Yellow fever

Yellow fever is a serious viral infection that is spread by certain types of mosquito. It’s mainly found in sub-Saharan Africa, South America and parts of the Caribbean.

The condition can be prevented with a vaccination and is a very rare cause of illness in travellers.

Between 1999 and 2018, there was twelve cases of yellow fever reported among European travellers. None of these travellers were vaccinated, 5 of these cases occurred in 2018.

If you're planning to visit places where yellow fever infection is found, you should seek travel health advice before you travel. A map and list of countries where yellow fever is found is available on the NHS Fit for Travel website.

How yellow fever is spread

The virus that causes yellow fever is passed to humans through the bites of infected mosquitoes. The mosquitoes that spread the infection are usually active and bite during daylight hours, and are found in both urban and rural areas.

Yellow fever can’t be passed directly from person to person through close contact.

Yellow fever symptoms

The symptoms of yellow fever occur in two stages. The initial symptoms develop three to six days after infection, and can include:

  • a high temperature (fever)
  • a headache
  • nausea or vomiting
  • muscle pain, including backache
  • loss of appetite

This stage will usually pass after three to four days and most people will make a full recovery.

However, around 15% of people go on to develop more serious problems, including jaundice (yellowing of the skin and whites of the eyes), kidney failure and bleeding from the mouth, nose, eyes or stomach (causing blood in your vomit and stools).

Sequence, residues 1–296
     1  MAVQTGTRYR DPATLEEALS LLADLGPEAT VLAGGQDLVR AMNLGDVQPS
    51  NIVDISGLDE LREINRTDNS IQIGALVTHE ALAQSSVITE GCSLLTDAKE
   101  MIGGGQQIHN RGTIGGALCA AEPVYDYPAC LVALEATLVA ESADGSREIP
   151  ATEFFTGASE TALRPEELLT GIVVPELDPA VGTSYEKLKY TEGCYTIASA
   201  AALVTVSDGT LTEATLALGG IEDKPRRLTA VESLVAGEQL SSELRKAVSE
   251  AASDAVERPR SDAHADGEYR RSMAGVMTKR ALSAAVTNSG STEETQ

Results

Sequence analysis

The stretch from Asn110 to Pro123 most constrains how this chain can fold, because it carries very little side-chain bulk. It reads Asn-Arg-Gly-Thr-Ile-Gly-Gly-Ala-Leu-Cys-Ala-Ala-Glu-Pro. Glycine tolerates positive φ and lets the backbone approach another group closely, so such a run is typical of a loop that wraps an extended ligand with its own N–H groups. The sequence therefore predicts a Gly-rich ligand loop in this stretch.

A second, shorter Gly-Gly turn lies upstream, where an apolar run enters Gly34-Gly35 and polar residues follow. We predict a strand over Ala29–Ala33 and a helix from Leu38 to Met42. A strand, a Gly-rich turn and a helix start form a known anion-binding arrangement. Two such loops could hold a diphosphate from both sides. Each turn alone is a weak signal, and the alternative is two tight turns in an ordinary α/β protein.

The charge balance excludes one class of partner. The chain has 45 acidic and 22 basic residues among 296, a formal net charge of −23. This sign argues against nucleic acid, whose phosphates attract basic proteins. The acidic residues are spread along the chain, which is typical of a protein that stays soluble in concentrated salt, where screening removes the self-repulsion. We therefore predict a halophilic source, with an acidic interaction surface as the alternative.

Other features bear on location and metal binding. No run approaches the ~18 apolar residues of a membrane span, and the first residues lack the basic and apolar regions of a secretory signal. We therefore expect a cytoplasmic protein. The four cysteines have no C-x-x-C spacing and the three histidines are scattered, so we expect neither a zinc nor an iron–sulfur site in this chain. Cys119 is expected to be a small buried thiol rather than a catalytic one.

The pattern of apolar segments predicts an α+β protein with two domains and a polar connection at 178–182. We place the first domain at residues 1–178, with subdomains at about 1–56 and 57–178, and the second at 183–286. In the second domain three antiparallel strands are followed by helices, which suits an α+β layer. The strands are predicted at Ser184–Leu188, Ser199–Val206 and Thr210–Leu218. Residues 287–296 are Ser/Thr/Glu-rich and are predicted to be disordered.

Up to half of those who experience these symptoms will die.

When to seek medical advice

You should see a doctor as soon as possible if you develop symptoms of yellow fever and are currently travelling in an area where the virus is found, or have recently returned from one of these areas.

To help determine whether you have yellow fever, the doctor will want to know exactly where you have been travelling and what symptoms you have. A blood test will be needed to confirm the diagnosis.

Treating yellow fever

There is no specific treatment for yellow fever, but you will be monitored and the symptoms can be treated.

You will be admitted to hospital for assessment and supportive care.

Yellow fever vaccination

The yellow fever vaccine protects you from infection when you travel to a country where yellow fever virus occurs and prevents the disease from spreading between countries.

After you have received the vaccine you are given a yellow fever vaccine certificate to prove that you have received the vaccine and are protected from infection. This certificate is designed to fit inside your passport and is valid for life.

The countries that require proof of vaccination are those where either the disease occurs, or where it could occur because they have the correct mosquito and monkey species that could harbour the infection.

More about the yellow fever vaccine

Find your nearest yellow fever vaccination centre

Information about you

If you have yellow fever, your clinical team will pass information about you on to the National Congenital Anomaly and Rare Diseases Registration Service (NCARDRS).

This helps scientists look for better ways to prevent and treat this condition. You can opt out of the register at any time.

Find out more about the register.